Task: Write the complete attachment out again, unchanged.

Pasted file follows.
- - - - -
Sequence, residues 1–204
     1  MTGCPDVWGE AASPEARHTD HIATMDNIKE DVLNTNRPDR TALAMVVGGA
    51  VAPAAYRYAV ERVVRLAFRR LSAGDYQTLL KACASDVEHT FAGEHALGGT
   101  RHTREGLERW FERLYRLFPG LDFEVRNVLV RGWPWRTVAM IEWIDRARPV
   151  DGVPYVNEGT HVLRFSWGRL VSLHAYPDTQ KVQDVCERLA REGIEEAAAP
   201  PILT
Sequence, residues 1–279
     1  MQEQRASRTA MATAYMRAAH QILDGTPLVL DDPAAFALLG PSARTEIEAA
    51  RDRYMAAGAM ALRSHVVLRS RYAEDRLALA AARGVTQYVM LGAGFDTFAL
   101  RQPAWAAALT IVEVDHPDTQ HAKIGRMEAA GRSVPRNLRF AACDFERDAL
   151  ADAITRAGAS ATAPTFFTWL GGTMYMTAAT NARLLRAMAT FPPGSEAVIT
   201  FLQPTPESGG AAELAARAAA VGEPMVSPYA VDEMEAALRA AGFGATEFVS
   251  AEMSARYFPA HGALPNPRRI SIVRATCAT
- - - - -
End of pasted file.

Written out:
Sequence, residues 1–204
     1  MTGCPDVWGE AASPEARHTD HIATMDNIKE DVLNTNRPDR TALAMVVGGA
    51  VAPAAYRYAV ERVVRLAFRR LSAGDYQTLL KACASDVEHT FAGEHALGGT
   101  RHTREGLERW FERLYRLFPG LDFEVRNVLV RGWPWRTVAM IEWIDRARPV
   151  DGVPYVNEGT HVLRFSWGRL VSLHAYPDTQ KVQDVCERLA REGIEEAAAP
   201  PILT
Sequence, residues 1–279
     1  MQEQRASRTA MATAYMRAAH QILDGTPLVL DDPAAFALLG PSARTEIEAA
    51  RDRYMAAGAM ALRSHVVLRS RYAEDRLALA AARGVTQYVM LGAGFDTFAL
   101  RQPAWAAALT IVEVDHPDTQ HAKIGRMEAA GRSVPRNLRF AACDFERDAL
   151  ADAITRAGAS ATAPTFFTWL GGTMYMTAAT NARLLRAMAT FPPGSEAVIT
   201  FLQPTPESGG AAELAARAAA VGEPMVSPYA VDEMEAALRA AGFGATEFVS
   251  AEMSARYFPA HGALPNPRRI SIVRATCAT